Heritage in Ashes: The Urgency of Better Fire Protection Strategies

The recent devastating fire at Copenhagen's Historic Stock Exchange adds to a troubling trend of heritage site disasters, echoing the tragic 2019 Notre Dame inferno. These incidents highlight the need to move beyond old school smoke detectors and fire extinguishers towards new, advanced fire prevention strategies to protect our irreplaceable cultural heritage.

Fire historic Stock Exchange Copenhagen

While cycling to work last week, Brian Mikkelsen noticed flames and smoke from his workplace. A tragedy under any circumstance, but here’s the catch: Mikkelsen’s office is Denmark’s historic stock exchange building, Börsen. Whilst firefighters and brave volunteers were able to retrieve much of the historic art collection before it succumbed to the flames, the building itself was dramatically damaged before firefighters could control the blaze.

Whilst immediate comparisons were drawn to Notre Dame’s 2019 inferno, these are sadly not the only times that historic buildings have have been engulfed in flame in recent years. These include the 1992 blaze at Windsor Castle in England, the 1996 destruction of Venice’s La Fenice opera house, two fires at Scotland’s Glasgow School of Art in 2014 and 2018, and the disastrous 2018 fire at the National Museum of Brazil where over 90% of Brazil’s National Museum archive was lost to fire damage – an outcome that curators blamed on inadequate preventative measures and poor maintenance.

These catastrophes serve as a reminder of the fragility of heritage, but also of the importance of effective fire prevention and management strategies. Combining technological innovation in preventative measures with international cooperation could prevent similar tragedies in years to come.

No longer should heritage buildings be relying on old school smoke detectors and fire extinguishers

Technological Innovations in Fire Safety
Recent advancements in fire safety technology are providing new avenues to protect heritage sites without compromising their historical integrity. No longer should heritage buildings be relying on old school smoke detectors and fire extinguishers – safer and more reliable technologies are now available:

  1. Early Detection Systems: Modern fire safety strategies often begin with early detection, crucial in preventing substantial damage. Highly sensitive smoke detectors and advanced thermal imaging cameras are now capable of detecting the first signs of fire, often before it becomes visible. These systems can be integrated discreetly, preserving the aesthetic and historical value of the sites while ensuring robust monitoring and rapid response capabilities.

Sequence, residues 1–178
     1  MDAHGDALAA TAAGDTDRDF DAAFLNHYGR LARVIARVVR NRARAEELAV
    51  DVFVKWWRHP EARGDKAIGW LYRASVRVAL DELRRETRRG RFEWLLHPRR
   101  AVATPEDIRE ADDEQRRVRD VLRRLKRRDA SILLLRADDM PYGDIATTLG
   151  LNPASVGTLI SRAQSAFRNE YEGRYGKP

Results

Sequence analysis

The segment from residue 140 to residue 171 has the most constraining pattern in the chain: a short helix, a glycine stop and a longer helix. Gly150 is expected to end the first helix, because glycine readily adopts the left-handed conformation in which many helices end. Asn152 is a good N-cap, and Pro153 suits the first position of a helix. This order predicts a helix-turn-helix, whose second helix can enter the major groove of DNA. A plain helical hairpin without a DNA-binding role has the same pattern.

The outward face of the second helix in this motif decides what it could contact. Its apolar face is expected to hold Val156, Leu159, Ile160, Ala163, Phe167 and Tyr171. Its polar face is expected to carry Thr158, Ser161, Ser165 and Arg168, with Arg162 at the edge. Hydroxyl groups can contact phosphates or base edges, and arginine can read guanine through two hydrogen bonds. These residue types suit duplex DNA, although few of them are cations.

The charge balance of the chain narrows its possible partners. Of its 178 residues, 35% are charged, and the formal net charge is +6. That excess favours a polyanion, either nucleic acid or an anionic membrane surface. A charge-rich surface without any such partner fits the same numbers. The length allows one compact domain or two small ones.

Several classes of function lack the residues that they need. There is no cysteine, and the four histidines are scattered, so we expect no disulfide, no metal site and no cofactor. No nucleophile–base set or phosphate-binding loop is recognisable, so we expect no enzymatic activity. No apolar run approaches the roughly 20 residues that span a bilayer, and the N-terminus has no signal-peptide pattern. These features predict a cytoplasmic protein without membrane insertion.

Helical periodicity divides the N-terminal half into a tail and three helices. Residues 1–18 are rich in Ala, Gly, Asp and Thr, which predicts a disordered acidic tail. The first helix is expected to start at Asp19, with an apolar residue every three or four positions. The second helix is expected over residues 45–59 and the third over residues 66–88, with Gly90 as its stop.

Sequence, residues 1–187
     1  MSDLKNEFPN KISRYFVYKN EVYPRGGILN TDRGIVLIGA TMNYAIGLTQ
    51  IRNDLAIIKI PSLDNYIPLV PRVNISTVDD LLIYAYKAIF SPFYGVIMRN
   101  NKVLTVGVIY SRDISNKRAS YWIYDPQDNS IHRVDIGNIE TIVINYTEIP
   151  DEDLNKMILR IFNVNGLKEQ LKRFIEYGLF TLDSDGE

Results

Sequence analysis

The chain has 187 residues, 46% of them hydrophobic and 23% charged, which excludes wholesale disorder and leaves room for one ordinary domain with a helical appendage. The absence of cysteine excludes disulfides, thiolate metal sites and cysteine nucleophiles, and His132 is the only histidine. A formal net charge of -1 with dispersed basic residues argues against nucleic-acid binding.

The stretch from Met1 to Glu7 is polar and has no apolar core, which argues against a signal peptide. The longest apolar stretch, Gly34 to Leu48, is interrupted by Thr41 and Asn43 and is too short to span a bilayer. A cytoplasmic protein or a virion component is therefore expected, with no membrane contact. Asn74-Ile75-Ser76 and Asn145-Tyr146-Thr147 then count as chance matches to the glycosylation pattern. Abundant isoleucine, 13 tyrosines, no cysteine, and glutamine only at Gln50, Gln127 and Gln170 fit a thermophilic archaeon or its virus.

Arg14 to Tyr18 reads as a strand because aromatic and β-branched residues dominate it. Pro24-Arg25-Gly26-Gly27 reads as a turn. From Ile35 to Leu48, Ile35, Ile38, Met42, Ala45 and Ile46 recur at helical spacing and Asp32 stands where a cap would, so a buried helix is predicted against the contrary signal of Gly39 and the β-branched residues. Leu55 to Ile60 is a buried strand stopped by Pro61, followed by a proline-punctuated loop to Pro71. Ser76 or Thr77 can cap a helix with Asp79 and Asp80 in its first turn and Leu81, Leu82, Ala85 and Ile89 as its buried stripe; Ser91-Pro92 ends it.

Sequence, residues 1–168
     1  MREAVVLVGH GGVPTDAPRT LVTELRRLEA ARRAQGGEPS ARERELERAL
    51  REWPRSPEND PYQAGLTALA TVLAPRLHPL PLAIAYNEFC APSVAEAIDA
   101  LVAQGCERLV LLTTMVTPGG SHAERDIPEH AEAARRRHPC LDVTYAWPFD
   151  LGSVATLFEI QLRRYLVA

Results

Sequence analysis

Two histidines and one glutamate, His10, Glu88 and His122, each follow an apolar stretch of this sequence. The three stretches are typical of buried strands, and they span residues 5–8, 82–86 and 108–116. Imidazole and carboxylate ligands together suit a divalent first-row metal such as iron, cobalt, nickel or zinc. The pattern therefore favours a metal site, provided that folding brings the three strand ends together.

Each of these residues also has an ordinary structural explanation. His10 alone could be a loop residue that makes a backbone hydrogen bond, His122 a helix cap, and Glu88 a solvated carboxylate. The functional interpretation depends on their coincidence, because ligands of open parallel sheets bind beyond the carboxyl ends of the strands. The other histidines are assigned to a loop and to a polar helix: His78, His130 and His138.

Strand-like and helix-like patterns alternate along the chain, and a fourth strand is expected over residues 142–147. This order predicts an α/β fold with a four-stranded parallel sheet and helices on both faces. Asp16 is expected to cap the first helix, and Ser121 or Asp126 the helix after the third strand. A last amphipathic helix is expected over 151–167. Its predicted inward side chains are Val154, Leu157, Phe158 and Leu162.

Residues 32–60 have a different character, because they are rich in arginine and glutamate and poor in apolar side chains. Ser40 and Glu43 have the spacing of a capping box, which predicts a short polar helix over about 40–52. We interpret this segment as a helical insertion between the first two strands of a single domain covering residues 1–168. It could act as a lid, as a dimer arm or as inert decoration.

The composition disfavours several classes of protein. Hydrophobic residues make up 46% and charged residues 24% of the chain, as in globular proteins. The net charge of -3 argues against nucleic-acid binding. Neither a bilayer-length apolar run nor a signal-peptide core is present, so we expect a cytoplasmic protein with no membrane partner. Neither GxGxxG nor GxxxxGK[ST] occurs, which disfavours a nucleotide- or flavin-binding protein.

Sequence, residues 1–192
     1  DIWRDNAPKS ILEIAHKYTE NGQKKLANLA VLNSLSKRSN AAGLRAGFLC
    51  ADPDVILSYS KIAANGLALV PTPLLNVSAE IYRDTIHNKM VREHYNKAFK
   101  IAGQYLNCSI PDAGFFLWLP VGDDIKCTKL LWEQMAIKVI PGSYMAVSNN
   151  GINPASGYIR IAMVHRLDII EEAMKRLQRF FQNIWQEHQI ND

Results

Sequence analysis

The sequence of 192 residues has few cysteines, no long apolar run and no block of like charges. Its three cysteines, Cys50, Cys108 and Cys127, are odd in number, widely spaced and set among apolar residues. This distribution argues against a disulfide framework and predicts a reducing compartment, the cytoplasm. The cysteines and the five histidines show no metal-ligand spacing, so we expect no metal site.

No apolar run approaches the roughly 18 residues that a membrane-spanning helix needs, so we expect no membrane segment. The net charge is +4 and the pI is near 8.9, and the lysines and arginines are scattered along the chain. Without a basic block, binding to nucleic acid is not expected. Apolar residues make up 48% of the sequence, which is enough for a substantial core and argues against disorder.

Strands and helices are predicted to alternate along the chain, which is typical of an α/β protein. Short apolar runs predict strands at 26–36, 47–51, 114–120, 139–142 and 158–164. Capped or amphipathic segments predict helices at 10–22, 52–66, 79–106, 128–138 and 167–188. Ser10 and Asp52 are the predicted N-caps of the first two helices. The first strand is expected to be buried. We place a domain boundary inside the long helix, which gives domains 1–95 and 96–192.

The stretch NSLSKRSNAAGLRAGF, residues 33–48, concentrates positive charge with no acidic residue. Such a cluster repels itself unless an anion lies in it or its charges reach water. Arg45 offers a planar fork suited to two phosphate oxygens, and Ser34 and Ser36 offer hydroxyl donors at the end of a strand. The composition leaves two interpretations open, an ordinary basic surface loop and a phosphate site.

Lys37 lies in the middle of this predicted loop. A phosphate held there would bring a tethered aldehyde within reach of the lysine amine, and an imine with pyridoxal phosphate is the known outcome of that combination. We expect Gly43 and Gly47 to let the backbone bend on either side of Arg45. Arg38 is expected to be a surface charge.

2. Water Mist Systems: Traditional sprinkler systems, while effective, often cause significant water damage that can be as devastating as the fire itself, particularly in environments containing delicate artefacts and materials. Water mist systems represent a significant advancement, using a fine spray that cools the fire and displaces oxygen from the air. This helps to suppress fires without drowning fragile materials in water.

  3. Fire Compartmentalisation: This technique involves using fire-resistant materials and building strategies to contain fires within limited areas. Innovations such as intumescent paints, which expand when exposed to heat to seal off areas and prevent the spread of flames, and fire-resistant glazing in windows, are examples of how modern materials can enhance the inherent fire safety of heritage buildings without compromising their historical character.

  4. Automated Fire Suppression Drones: The use of drones in fire management at heritage sites is a cutting-edge development. These drones can quickly reach areas that are difficult or dangerous for human firefighters to access. Equipped with fire suppressants or water mist systems, drones can effectively control and extinguish fires in challenging locations – often the case in historic buildings with poor access.

International Cooperation
Research and development partnerships between universities, technology firms, and heritage organizations like UNESCO and ICOMOS are vital for advancing fire safety technologies tailored to heritage conservation.

Protecting valuable, fragile history is a shared responsibility, and these recent examples show that is is not to be taken lightly.

This article was originally published in English. Texts in other languages are AI-translated. To change language: go to the main menu above.

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